Enjoy the sights and sounds of the Wildlife Sanctuary just west of Salina.

About the Sanctuary

Our largest education and conservation effort for over 25 years has been the protection and development of the Smoky Hills Audubon H.V. Lear Sanctuary. The sanctuary is open to the public. This 66-acre preserve is near the intersection of I-70 and I-135 on Stimmel Road about a half mile east of ElSaline school. Our sanctuary is on the north side of Stimmel, featuring a beautiful 20-acre pond and numerous trails through prairie and woodland habitat. Trails, a photo blind, and bench resting areas are strategically located throughout. Our members support the Sanctuary through donations of time and money. The Sanctuary is available for environmental education by individuals, schools, scouting groups and others, or for visits by anyone seeking to enjoy nature. There are numerous native and non-native trees fringing the bluebird trails, as well as native grasses. Wildlife include deer, possum, raccoon, turkey, bobwhite quail, pheasant, red-tailed hawk and numerous species of birds and waterfowl. Though the setting is noisy because of nearby interstate traffic and motocross arenas, it is ideal for nature photography.

Enjoy Nature at the Sanctuary!

Pack a picnic, lace up your shoes, spray on the bug spray and grab a camera or binoculars. There are many opportunities to see and hear the sites and sounds of the wildlife sanctuary while walking the trails.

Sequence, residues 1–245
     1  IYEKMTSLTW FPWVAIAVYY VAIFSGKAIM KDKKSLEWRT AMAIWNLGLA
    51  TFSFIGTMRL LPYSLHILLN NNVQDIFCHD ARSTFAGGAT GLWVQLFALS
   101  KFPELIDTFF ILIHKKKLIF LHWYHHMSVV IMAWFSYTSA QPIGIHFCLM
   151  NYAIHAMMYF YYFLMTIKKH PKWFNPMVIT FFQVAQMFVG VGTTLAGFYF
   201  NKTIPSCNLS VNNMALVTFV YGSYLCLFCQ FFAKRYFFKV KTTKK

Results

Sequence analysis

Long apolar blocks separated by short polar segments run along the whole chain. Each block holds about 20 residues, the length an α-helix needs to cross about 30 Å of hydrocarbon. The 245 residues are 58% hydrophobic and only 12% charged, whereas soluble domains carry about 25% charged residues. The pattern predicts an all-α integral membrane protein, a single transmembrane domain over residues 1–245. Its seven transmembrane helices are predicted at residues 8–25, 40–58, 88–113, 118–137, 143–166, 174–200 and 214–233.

The sanctuary is open to the public. This 66-acre preserve is near the intersection of I-70 and I-135 on Stimmel Road about a half mile east of ElSaline school. Our sanctuary is on the north side of Stimmel.

Tips on Photography

Here are a few tips from Audubon.org (https://www.audubon.org/news/how-compose-perfect-bird-photo#) to help you achieve the perfect bird shot. 

Get Creative 

While composition adds another level of complexity to photography, it also gives you an opportunity to be creative. Try changing your shooting angle or the amount of distance between you and the bird.

Know the Rule of Thirds 

A common pitfall among beginner photographers is to always put the bird in the exact center of the image. It’s an understandable impulse, but one that results in all of your photos looking the same. Instead, experiment with the rule of thirds and place the bird along an invisible line a third of the way from the edge of the image.

Tell a Story 

In addition to composing a visually appealing photo, you should think about what the image will say to people who weren’t there when you took the shot. 

Smoky Hills Audubon Wildlife Sanctuary 1976 to 90

Provided by Mark Neubrand